Cutting the Welfare Safety Net Is Not the Way to Make Work Pay

Adnan Al-Daini

How does one assess the cuts to the welfare safety net? Let us, for the sake of argument, put aside whether cutting the deficit should be the priority in the depths of a recession. The argument of the government seems to be (a) we must make work pay and (b) there is no alternative.

Making work pay could be achieved by a number of actions: raising the minimum wage for example, restoring the 10p tax band at the bottom to be paid for by restoring the 50p tax band, and introducing a higher band at the top. It is not right that the method chosen to make it appear that work pays is to cut the welfare safety net to the poorest and most vulnerable in our society.

Over 10 years up to 2012 executive pay trebled despite the double dip recession and the economic crash of 2008, with the average pay of chief executives of Britain's top companies at £4.8m, equivalent to 148 times the average wage. It is this skewed system of rewards that is keeping wages low, with taxpayers having to supplement the income of the working poor for them to survive. These in-work benefits, together with pension, constitute a substantial share of the welfare bill.

The in-work benefits are tantamount to a taxpayer's subsidy to enable those at the top of the income pyramid to receive such inflated salaries. How wrong can that be? The taxation system should be used to try and narrow the income and wealth gap between the very rich and the rest of society. Certainly there is a strong case for that.

Thatcher’s funeral: Pomp in the service of political reaction

Julie Hyland & Chris Marsden

Adjectives to describe yesterday’s funeral of former Conservative prime minister Margaret Thatcher are not hard to find: nauseating, obscene, provocative.

She was, after all, the most hated political figure in recent British history—an admirer of the Pinochet dictatorship in Chile and the racist apartheid regime in South Africa, who wrought destruction on working class communities throughout the UK.

Thatcher was given a state funeral in all but name, so that there could be no scrutiny of its total costs, estimated at £10 million—the most expensive ever staged.

The ceremony was so militaristic that some compared the scene in London, with armed police stationed every few hundred yards, to a coup. Her coffin set off from St. Clement Danes, the Central Church of the Royal Air Force and site of the statute to “Bomber” Harris—the architect of the fire-bombing of German cities in the Second World War. Mounted on a horse-drawn gun-carriage, draped in the union flag, it was accompanied by 700 armed forces personnel to St. Paul’s Cathedral.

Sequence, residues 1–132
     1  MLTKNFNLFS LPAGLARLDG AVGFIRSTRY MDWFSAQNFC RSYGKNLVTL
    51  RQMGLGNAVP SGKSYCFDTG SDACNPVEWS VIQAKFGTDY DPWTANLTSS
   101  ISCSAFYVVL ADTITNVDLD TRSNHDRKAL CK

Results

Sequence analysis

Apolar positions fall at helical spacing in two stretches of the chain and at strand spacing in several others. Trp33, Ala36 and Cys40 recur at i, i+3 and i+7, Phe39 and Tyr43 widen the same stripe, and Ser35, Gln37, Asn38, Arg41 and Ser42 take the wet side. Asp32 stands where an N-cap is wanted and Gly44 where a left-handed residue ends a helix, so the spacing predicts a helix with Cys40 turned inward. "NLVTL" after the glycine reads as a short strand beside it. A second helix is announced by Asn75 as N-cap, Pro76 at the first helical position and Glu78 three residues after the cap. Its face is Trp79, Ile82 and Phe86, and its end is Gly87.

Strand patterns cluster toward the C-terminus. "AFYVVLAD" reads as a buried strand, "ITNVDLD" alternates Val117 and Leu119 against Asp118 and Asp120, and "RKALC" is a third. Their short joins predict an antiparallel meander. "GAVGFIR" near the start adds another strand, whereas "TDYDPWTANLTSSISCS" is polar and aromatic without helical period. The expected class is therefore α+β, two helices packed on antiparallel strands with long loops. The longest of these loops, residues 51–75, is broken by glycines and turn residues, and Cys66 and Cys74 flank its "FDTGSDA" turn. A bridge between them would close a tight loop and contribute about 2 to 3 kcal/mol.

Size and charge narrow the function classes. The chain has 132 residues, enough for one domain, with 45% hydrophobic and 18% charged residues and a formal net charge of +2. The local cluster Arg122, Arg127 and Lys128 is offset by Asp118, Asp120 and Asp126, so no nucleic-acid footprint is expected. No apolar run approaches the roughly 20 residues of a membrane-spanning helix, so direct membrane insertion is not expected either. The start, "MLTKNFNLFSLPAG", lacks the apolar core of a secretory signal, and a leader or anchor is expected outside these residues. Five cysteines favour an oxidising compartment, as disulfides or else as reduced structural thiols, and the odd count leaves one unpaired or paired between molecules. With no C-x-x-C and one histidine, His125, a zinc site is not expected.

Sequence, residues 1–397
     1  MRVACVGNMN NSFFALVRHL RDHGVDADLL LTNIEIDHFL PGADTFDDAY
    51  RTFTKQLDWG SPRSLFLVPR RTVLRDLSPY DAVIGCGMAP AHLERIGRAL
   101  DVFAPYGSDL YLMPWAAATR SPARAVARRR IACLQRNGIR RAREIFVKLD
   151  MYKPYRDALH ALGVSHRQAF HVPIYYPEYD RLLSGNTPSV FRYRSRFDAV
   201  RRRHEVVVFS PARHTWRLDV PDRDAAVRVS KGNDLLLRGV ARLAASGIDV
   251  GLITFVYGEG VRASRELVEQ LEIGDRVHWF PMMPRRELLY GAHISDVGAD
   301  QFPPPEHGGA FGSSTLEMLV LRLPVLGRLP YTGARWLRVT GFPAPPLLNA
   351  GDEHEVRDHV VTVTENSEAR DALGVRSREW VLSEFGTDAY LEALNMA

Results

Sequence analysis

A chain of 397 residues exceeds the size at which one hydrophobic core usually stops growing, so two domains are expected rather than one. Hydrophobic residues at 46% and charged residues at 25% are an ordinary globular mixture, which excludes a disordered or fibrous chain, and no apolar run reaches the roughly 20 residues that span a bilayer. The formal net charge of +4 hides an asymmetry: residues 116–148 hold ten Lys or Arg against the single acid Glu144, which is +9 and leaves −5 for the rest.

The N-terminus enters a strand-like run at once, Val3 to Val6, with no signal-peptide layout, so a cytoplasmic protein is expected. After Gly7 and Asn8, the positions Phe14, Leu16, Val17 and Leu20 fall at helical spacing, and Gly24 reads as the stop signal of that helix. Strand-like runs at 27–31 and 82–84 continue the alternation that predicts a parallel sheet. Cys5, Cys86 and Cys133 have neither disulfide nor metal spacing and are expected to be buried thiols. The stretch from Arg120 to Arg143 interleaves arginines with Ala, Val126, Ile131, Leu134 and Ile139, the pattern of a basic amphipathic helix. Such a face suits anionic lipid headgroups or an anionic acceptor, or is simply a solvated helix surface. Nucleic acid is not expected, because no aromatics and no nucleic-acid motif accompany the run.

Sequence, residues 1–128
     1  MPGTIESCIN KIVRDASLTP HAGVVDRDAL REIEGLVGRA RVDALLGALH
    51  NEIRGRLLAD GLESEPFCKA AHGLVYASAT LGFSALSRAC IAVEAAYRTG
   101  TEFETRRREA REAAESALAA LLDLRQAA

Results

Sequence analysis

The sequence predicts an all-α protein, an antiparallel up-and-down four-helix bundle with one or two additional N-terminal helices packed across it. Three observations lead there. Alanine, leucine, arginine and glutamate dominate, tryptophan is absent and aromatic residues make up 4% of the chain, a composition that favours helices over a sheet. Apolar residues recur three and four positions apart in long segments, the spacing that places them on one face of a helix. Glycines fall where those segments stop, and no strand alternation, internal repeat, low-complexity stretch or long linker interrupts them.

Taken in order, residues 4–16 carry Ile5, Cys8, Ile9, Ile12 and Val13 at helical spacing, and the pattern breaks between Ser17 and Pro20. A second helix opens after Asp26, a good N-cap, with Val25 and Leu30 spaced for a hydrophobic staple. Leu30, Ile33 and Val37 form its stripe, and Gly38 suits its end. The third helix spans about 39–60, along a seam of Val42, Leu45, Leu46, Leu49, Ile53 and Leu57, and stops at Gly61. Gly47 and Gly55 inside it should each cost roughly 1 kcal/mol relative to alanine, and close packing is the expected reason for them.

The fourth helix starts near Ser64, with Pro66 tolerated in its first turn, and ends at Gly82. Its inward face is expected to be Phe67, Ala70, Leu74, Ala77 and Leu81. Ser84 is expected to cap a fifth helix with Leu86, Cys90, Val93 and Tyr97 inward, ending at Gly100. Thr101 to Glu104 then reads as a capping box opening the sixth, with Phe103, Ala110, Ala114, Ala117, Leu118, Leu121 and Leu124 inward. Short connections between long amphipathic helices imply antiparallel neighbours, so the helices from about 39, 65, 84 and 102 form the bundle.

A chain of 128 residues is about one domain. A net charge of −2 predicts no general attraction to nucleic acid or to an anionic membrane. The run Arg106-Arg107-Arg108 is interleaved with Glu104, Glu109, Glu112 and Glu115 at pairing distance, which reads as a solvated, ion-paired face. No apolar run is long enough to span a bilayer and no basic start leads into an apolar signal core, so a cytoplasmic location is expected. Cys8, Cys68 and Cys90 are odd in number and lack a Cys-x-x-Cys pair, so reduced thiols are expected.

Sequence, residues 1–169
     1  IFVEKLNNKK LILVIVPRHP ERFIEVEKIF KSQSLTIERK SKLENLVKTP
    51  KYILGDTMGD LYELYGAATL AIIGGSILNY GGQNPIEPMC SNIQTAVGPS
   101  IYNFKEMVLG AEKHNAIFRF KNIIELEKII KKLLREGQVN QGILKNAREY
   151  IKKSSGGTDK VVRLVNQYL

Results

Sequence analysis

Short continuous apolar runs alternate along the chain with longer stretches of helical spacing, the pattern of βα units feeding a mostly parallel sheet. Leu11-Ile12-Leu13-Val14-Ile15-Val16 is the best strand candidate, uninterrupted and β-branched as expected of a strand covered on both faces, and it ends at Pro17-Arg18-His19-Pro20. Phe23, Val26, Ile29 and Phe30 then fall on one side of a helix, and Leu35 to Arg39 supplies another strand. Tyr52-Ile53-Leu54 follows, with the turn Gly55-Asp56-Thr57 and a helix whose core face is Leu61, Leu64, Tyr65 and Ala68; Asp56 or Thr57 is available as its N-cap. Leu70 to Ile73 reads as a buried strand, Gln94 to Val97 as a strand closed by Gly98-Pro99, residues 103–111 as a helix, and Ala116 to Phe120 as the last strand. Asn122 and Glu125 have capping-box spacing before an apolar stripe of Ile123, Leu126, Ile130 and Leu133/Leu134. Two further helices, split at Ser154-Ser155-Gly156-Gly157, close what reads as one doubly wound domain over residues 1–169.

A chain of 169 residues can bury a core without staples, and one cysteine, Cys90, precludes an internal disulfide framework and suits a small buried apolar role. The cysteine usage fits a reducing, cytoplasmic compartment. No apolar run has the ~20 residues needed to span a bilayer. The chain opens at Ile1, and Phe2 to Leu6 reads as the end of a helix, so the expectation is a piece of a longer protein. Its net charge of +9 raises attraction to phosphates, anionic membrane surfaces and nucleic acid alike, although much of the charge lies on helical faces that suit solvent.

There was more of the political sycophancy demonstrated in the specially recalled parliament last week, with Big Ben silenced for the duration of the funeral and parliament suspended to allow MPs to attend.

The Queen was present for the first time at the funeral of a former prime minister since Winston Churchill’s in 1965. Unlike then, however, Thatcher will not lay in state, precisely because she is so widely despised.

Echoes in the Aftermath: Remembering the Victims of Violence

Chris Floyd

All condolences are due to the victims of the Boston bombing and their families ― and to all those victimized by violence around the world today.

This includes the 37 people killed in bomb attacks across Iraq, a commonplace occurrence since American invaders destroyed the country and deliberately sowed bloody sectarian strife there.

And the families of the 20 people killed by a bombing Sunday in Somalia, a country whose fragile peace was shattered by an American-backed foreign invasion, which included American bombings, American renditions and American death squads sowing ― what else? ― bloody sectarian strife.

And the captives in Guantánamo Bay being beaten and brutalized by a Nobel Peace Prize Laureate, who is keeping dozens of men cleared for release even by the twisted, draconian "rules" of the gulag itself ― while he continues to kill people around the world ― without charges, trial, evidence, defense or warning ― by his own unchallengeable, merciless diktat.

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